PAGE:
During the weeks ahead, I will be posting ways in which graduates from university physics departments or other science or engineering departments can become teachers in our middle and high schools.
This first post was written by Connor Oswald, a December 2015 bachelor’s degree graduate of the FSU Physics Department. Connor spent the summer of 2015 surveying state departments of education about physics enrollments. His results were presented at the 2016 PhysTEC conference and were even raised in a controversy over whether high schools in Missouri are doing a good job delivering physics courses. Connor is also a veteran of FSU’s Studio Physics Program.
While progressing toward his bachelor’s degree in physics, Connor decided he wanted to be a teacher. He grew up in Jacksonville, so the Jacksonville Teacher Residency Program beckoned. The program provides both a mentored teaching experience in one of Duval County’s most challenged schools and a path to a master’s degree at the University of North Florida. It is funded by the Quality Education for All Fund, which is supported by Duval County businesses.
Who would you trust more with your life, a doctor who just graduated medical school or a doctor who worked in a hospital for a year, their first year of residency? The answer, obviously, is the latter. Here is a second hypothetical question. Who would you trust more with your child’s education, a 22 year old with a bachelor’s in their content area; or a 23 year old with a bachelor’s in their content area, a year long apprenticeship under a mentor teacher who has consistently been rated as highly effective, and most of a master’s degree in education? Again, the answer is obvious.
When I was considering a career in teaching, I knew that going straight into teaching could be disastrous. I didn’t want to feel limited by getting a bachelor’s degree in education since the amount it would cost me would be more than it could ever repay, since most school districts (at least in Florida) do not reward teachers for having a degree specifically in education. However, they do reward having advanced degrees. The Jacksonville Teacher Residency was my way of attaining an advanced degree. The program commits candidates to teaching for 3 years in high-needs schools in Jacksonville with the promise of a free Master’s degree in Teaching.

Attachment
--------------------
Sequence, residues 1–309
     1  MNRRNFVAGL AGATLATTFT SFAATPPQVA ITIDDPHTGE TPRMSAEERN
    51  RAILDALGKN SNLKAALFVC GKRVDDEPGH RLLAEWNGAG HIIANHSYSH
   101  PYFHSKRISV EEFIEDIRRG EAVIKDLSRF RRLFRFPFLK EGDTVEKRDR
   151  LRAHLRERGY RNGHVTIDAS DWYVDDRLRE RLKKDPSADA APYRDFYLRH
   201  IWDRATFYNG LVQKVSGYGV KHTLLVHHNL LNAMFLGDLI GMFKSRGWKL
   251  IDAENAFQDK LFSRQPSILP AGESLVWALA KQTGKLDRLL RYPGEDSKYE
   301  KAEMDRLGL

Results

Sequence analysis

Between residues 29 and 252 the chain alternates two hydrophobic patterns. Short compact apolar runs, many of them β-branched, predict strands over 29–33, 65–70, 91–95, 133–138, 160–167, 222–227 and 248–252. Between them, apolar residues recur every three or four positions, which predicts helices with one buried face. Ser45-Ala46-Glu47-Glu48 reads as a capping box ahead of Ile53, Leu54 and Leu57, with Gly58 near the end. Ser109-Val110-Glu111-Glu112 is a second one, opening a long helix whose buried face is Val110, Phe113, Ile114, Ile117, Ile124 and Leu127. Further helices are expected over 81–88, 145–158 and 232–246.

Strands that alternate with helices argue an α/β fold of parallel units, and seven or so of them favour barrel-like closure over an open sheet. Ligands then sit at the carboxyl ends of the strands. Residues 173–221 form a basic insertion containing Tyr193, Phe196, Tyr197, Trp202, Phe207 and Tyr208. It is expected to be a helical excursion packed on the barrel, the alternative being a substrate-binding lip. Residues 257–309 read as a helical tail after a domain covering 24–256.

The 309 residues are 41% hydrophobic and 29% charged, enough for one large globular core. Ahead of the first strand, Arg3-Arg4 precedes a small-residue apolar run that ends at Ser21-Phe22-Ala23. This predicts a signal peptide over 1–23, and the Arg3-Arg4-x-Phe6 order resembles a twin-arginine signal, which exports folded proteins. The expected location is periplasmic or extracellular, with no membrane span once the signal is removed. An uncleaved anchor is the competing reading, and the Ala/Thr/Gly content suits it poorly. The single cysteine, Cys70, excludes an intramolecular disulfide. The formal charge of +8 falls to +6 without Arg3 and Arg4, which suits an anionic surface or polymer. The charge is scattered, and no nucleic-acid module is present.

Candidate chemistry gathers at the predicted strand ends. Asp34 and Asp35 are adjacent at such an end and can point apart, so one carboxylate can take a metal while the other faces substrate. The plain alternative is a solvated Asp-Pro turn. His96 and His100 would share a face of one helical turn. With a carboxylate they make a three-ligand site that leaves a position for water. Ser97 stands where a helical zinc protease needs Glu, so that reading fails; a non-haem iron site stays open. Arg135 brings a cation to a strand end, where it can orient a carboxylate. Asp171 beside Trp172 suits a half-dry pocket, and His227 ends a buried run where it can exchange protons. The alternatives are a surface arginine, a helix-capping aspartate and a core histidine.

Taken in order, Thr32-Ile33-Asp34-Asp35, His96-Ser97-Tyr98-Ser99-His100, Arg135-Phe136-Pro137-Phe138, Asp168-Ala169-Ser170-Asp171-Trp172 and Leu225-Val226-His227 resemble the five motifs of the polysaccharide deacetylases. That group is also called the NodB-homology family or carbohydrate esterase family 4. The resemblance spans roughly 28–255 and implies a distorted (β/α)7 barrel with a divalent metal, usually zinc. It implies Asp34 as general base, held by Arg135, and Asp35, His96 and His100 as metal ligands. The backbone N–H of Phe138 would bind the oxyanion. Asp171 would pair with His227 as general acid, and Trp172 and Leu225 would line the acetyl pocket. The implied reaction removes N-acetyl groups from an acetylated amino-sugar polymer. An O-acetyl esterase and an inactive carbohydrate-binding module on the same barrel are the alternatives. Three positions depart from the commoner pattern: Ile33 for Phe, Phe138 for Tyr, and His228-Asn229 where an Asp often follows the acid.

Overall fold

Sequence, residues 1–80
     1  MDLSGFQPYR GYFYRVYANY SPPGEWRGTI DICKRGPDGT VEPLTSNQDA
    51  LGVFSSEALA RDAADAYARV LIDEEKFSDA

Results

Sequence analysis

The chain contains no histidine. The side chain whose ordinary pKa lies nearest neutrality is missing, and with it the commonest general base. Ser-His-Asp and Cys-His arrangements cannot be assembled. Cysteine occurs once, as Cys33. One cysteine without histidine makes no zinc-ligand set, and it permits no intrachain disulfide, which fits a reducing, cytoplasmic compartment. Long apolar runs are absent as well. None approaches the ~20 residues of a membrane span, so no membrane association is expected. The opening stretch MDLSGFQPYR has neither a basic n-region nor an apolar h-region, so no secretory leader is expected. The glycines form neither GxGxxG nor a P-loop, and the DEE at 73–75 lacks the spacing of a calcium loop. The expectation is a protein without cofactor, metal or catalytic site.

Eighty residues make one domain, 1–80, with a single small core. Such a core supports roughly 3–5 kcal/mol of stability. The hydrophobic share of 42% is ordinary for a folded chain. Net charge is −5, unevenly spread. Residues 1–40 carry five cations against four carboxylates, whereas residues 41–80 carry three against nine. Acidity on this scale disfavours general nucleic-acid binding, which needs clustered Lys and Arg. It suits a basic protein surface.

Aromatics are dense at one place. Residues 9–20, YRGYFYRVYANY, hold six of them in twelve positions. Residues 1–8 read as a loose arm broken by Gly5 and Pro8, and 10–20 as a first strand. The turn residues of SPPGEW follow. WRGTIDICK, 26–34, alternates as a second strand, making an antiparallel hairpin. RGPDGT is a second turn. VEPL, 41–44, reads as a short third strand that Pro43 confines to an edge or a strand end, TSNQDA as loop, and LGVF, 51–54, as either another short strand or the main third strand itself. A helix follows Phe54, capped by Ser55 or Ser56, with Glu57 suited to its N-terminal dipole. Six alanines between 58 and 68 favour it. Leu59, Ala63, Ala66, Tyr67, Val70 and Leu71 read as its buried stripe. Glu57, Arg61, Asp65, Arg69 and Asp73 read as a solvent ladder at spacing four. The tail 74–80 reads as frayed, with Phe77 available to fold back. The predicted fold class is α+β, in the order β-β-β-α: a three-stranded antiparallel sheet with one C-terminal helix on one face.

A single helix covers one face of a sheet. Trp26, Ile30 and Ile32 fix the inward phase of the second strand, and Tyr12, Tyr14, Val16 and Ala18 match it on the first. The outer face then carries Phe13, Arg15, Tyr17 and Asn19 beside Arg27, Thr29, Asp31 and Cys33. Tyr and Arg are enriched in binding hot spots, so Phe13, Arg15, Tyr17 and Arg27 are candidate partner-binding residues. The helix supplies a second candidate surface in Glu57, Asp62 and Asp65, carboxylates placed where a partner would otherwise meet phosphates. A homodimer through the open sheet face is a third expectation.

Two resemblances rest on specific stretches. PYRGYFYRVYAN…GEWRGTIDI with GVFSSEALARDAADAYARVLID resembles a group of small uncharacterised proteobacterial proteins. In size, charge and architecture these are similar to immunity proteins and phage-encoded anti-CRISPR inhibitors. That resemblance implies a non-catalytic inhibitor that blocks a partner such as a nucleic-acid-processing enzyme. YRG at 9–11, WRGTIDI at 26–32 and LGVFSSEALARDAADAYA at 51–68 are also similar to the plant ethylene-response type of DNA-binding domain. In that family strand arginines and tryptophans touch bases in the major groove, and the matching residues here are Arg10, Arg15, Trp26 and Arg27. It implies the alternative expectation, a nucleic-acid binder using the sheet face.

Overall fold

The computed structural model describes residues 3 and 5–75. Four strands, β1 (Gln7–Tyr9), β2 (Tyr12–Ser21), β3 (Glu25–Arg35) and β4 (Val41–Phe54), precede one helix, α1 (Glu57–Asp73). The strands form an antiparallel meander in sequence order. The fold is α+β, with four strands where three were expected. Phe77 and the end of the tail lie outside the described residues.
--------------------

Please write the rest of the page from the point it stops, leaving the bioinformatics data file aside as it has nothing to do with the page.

The teacher residency model is very similar to that of a medical residency in that professionals to-be are tasked with more and more responsibilities as the residency continues. The model combines a full year internship with graduate courses in relevant math or science methods and the basics of educational theory, philosophy and psychology. During the first year of the residency, candidate teachers are paired with a teacher who exemplifies the constructs, identified by educational theorists, of what makes a highly effective teacher. They learn from that teacher and experience the classroom in an environment similar to what they would experience in their first year. With the dismal rates of retention and the arguable effectiveness of other teacher preparation programs, the teacher residency model provides an incentive for STEM Majors to pursue advanced degrees and help teach in critical shortage areas.
My personal experience with the Jacksonville Teacher Residency has been more than fulfilling. The Jacksonville Teacher Residency was initiated to put highly trained professionals in the schools that were designated as chronically poor performing facilities, schools where socioeconomics influenced children’s futures more than any other factor. Schools where teachers move in and out in the middle of the year, these schools are in desperate need for dedicated individuals. My cohort of resident teachers started in summer 2016, taking graduate level courses in multicultural education and educational psychology, at the end of that semester we met with our mentor teachers and began the school year. I teach physical science and chemistry at Andrew Jackson High School, a school that earned below passing grades for the two out of the past three school years. The residency model is based on the gradual release model, where responsibilities are released to the candidate at a rate proportional to their development and ability within the program and the classroom. I was able to fulfill all of my responsibilities for the master’s program and develop meaningful relationships with my students through tutoring and classroom instruction. After this residency year, after being evaluated for teacher competency by my mentor, my UNF professors and the teacher residency directors, after my master’s classes and after surveying the attitudes of my students about my teaching, I will be more prepared than any first year teacher who hasn’t completed a similar program. In the next few weeks I will get hired by Duval County, and after completing four more graduate courses, next April I will have earned my Master’s Degree in Teaching.